The Conflict Between New and Old Journalism
This blog, the Pando Daily, was just founded. It looks great. But it also make me think of the conflict between old and new media.
The founder, Sarah Lacy, was once the editor at TechChrunch, one of the most influential sites in the tech industry until pretty recently. The decline in influence happened, when it was sold to AOL and when the founder Michael Arrington was fired or let go, because he openly was covering start-ups which he was investing money in as well. He wrote it as a disclamer but the old media industry (New York Times) critisized it heavily – you cannot do that in the old industry. You have to be completely independent from economic interests. A great trustworthy principle.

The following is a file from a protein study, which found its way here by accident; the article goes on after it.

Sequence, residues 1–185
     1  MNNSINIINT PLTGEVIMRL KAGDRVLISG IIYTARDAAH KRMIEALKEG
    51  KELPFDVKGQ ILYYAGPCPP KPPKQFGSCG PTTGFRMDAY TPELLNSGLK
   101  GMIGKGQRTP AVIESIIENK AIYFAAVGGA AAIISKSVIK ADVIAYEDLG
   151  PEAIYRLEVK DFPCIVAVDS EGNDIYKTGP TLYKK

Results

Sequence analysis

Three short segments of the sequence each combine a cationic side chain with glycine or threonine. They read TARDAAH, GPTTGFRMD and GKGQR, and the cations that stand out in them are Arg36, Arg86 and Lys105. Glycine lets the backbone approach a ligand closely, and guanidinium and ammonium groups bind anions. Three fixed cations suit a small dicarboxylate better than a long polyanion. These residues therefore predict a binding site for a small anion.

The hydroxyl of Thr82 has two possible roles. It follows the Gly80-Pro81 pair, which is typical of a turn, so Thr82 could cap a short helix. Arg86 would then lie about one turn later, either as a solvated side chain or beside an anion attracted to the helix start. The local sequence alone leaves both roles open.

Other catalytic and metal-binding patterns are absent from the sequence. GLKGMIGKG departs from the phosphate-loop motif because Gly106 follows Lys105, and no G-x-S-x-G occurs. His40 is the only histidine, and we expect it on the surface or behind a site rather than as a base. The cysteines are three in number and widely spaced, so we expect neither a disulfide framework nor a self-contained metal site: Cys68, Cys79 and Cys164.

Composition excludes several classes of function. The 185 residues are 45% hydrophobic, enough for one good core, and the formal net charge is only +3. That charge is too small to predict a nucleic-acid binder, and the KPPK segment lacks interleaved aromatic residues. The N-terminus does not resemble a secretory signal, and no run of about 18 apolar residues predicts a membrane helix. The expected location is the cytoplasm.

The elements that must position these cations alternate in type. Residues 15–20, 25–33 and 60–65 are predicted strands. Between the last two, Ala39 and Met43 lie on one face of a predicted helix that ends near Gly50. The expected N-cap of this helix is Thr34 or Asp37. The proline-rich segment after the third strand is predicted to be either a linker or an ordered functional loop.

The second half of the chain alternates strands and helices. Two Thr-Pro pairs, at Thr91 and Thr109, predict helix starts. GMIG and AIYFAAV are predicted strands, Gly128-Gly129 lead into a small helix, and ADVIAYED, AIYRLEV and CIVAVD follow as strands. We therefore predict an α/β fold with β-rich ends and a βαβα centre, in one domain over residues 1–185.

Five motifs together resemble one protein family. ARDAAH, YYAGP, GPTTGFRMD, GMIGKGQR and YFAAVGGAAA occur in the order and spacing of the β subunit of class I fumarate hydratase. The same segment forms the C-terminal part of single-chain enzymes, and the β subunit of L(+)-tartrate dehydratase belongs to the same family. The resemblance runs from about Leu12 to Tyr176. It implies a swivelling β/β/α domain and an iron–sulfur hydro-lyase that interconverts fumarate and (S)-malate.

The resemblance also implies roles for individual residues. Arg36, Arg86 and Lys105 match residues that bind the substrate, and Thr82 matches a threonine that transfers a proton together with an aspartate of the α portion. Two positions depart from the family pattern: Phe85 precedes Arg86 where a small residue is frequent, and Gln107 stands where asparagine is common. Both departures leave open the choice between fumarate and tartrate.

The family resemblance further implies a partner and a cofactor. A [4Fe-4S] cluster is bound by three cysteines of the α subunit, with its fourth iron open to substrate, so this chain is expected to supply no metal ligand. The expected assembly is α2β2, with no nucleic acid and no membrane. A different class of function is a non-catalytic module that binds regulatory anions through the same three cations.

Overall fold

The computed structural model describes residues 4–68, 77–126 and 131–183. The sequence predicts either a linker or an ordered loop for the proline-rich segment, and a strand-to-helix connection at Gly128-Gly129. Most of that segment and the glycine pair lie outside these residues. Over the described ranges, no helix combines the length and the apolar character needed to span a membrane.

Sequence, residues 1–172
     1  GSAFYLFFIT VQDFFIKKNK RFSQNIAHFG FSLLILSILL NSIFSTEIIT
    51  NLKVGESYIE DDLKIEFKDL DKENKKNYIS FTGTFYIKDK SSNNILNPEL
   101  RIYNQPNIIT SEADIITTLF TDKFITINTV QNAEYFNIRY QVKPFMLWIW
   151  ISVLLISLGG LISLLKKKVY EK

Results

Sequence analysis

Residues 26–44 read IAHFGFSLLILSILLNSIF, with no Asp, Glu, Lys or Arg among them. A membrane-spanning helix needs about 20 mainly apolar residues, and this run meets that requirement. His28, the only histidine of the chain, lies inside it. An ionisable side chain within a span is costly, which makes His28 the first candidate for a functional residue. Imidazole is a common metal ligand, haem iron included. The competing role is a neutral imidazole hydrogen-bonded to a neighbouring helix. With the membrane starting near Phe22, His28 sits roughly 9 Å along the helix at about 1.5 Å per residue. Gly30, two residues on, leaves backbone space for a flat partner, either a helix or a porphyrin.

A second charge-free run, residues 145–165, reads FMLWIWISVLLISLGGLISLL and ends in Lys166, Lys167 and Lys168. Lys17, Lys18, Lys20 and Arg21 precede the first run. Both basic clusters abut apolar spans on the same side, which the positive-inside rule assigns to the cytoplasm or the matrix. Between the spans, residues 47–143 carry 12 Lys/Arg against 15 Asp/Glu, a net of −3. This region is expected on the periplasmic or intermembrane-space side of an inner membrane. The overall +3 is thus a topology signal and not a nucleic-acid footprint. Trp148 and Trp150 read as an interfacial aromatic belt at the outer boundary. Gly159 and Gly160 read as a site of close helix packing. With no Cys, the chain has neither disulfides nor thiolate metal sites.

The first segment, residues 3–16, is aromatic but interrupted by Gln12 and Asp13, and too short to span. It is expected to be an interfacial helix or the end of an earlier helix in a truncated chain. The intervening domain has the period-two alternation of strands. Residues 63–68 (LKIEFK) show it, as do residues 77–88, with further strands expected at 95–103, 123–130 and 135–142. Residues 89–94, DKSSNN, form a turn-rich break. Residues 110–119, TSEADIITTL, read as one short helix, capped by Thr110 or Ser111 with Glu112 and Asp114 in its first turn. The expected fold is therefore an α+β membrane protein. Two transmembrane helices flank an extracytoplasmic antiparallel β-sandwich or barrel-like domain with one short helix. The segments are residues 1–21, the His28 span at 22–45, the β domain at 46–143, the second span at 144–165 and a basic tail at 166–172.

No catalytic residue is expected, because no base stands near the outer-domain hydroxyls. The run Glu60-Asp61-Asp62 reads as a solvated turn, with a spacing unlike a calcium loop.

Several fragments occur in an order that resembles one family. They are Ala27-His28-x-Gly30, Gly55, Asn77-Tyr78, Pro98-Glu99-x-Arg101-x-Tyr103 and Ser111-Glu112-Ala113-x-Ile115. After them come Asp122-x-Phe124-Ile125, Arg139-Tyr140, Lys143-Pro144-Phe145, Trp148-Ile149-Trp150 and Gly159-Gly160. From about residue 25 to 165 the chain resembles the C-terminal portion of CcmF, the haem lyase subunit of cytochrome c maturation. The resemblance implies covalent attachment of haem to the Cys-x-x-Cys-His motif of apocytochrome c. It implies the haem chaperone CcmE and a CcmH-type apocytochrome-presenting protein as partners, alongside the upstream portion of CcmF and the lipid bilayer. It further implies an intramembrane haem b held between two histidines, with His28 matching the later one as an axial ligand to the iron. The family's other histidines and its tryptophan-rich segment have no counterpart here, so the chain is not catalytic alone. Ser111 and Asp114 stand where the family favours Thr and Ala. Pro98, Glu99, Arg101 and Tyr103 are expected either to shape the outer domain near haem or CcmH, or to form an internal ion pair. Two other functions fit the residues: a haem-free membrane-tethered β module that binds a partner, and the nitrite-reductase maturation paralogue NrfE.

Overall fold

Many bloggers believe that is okay to go further than old-time-journalists, as long as you disclaim it.
The whole discussion can be read here in another great blog, The Monday Note. The author calls it ‘soft corruption’. It is really worth a read.
The question is whether the old media industry’s ethical guidelines are out-of-date.
However, Pando Daily’s Sarah Lacy writes:
Another note on conflicts: I won’t be investing directly in startups, nor will the staff-writers of PandoDaily. But we have plenty of contributors and opinion columnists who do, because frequently those people are informed enough to write the best stuff. And that’s no different from the policies of many old media brands like BusinessWeek and Fortune who’ve paid investors to write opinions and columns for years. News is news, but great opinion pieces are supposed to have bias and a point-of-view.
So in some ways, old media standards are still due. Let’s watch this development close.